How We Work
UHF has been providing analysis, convening, and thought leadership on key health policy issues in New York for decades, with recent successful initiatives focused on expanding affordable health insurance coverage, improving health care quality and efficiency, and developing clinical-community partnerships.
Integrity. We are committed to rigorous and objective inquiry and analysis, embracing our role as an independent, trusted source of information.
Equity. We focus our activities on improving the lives of underserved, disadvantaged populations, as we believe that all people deserve the opportunity to lead long, healthy lives.
Collaboration. We believe that to find solutions to complex problems we need participation from a wide range of stakeholders, and actively seek partners in our work.
Long view. We take a long-term perspective, tackling persistent problems that require systemic solutions.
Our core activities are research and policy analysis, convening, knowledge dissemination, collaborative initiatives, capacity building, and grant making. Key priorities include:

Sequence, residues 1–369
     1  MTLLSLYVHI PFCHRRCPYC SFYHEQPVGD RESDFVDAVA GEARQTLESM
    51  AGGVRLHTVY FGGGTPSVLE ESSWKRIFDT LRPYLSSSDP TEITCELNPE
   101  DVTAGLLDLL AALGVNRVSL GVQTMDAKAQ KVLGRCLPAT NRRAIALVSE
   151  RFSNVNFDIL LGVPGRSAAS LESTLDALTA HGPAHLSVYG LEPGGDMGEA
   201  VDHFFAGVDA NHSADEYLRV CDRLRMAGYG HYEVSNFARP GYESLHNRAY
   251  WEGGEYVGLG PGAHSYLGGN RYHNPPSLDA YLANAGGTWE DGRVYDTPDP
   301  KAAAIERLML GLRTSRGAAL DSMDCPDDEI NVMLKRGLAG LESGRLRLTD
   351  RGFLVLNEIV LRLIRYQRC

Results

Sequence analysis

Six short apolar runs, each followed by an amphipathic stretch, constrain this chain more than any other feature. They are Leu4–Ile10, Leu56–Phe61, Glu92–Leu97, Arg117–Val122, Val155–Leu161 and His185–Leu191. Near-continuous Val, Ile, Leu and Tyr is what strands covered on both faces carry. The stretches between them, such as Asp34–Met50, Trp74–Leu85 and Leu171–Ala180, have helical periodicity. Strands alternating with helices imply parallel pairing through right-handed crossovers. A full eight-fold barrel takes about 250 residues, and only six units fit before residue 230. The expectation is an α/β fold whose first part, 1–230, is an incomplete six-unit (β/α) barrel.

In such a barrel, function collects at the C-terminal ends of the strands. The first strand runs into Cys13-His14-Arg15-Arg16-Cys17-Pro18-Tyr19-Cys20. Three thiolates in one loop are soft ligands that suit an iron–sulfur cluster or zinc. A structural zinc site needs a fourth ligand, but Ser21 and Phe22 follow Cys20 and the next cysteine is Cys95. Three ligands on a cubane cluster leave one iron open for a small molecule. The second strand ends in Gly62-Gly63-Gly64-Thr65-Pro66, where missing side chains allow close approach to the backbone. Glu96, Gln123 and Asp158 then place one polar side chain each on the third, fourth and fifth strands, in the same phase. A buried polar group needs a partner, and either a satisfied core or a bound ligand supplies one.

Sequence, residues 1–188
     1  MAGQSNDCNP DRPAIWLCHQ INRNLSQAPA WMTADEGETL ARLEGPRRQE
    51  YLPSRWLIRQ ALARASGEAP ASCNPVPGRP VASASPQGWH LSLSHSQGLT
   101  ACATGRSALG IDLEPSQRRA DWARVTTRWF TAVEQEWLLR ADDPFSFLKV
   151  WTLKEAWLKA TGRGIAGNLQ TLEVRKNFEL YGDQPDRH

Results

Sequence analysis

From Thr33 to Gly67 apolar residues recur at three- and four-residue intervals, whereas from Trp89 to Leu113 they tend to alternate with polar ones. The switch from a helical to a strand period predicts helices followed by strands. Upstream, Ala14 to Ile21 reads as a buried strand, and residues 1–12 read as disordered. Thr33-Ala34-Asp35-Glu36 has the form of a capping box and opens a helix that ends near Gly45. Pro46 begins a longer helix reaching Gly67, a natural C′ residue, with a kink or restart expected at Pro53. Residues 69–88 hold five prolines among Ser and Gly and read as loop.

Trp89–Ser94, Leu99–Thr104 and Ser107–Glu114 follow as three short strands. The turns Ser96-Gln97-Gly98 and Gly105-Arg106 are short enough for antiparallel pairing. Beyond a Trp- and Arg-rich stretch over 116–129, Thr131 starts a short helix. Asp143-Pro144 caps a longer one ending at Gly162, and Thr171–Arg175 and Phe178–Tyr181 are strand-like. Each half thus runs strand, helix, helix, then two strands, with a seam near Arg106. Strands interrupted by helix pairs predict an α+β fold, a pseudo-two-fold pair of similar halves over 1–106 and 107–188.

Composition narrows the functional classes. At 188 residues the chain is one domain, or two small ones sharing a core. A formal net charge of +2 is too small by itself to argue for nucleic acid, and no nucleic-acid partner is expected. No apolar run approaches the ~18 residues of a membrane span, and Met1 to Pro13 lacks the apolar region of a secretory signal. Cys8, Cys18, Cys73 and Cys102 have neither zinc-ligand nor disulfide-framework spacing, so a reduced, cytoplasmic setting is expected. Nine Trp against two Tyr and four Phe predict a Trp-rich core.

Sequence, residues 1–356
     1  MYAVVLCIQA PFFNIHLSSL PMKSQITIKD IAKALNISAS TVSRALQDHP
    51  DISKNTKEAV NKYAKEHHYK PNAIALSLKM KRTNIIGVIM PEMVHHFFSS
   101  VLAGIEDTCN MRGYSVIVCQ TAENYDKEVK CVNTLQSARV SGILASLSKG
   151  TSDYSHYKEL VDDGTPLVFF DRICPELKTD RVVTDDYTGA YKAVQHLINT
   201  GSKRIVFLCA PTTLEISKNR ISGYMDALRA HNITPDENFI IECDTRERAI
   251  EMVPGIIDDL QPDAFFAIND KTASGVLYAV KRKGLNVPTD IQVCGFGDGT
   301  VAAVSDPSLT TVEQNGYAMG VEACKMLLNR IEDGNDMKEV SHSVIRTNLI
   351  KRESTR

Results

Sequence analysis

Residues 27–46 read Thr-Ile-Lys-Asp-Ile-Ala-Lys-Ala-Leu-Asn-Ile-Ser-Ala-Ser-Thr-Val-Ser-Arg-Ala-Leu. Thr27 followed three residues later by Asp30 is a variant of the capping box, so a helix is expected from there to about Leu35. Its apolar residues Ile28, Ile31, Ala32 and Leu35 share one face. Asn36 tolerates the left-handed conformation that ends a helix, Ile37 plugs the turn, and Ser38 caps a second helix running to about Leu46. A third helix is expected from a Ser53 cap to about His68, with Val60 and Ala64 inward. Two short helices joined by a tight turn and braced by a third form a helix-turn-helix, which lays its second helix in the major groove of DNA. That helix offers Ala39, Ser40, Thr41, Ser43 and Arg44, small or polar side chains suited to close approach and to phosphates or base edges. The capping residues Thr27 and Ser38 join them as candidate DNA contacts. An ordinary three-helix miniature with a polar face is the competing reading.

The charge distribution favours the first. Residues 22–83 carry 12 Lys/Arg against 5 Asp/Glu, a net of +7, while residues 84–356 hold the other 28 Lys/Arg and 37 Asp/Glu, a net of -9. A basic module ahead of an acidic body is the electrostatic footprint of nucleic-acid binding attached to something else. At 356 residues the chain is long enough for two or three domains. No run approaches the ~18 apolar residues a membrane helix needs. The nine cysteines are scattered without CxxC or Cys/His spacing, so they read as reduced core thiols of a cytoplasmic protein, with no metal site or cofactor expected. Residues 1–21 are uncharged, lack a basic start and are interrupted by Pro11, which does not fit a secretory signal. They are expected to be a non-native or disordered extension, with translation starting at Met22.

Supporting comprehensive health insurance coverage and access to services. Universal, affordable, accessible health insurance offering comprehensive coverage is a prerequisite for obtaining adequate care—and for an effective, equitable health care system. More than one million New Yorkers are still uninsured, and that number is likely rising.
Promoting improvements in the quality and efficiency of health care delivery. Working with a broad range of partners, UHF is advancing transformative approaches to primary care, integration of behavioral and physical health care services, health care quality measurement and improvement, and transitions from institutional care to the home care setting.
Fostering collaborations between the health care delivery system and communities. For both individuals and specific populations, health status is in large part a function of factors outside the doctor’s office. Addressing individual social needs and the broader social determinants of health requires new and productive relationships between the health care system, public health agencies, and communities.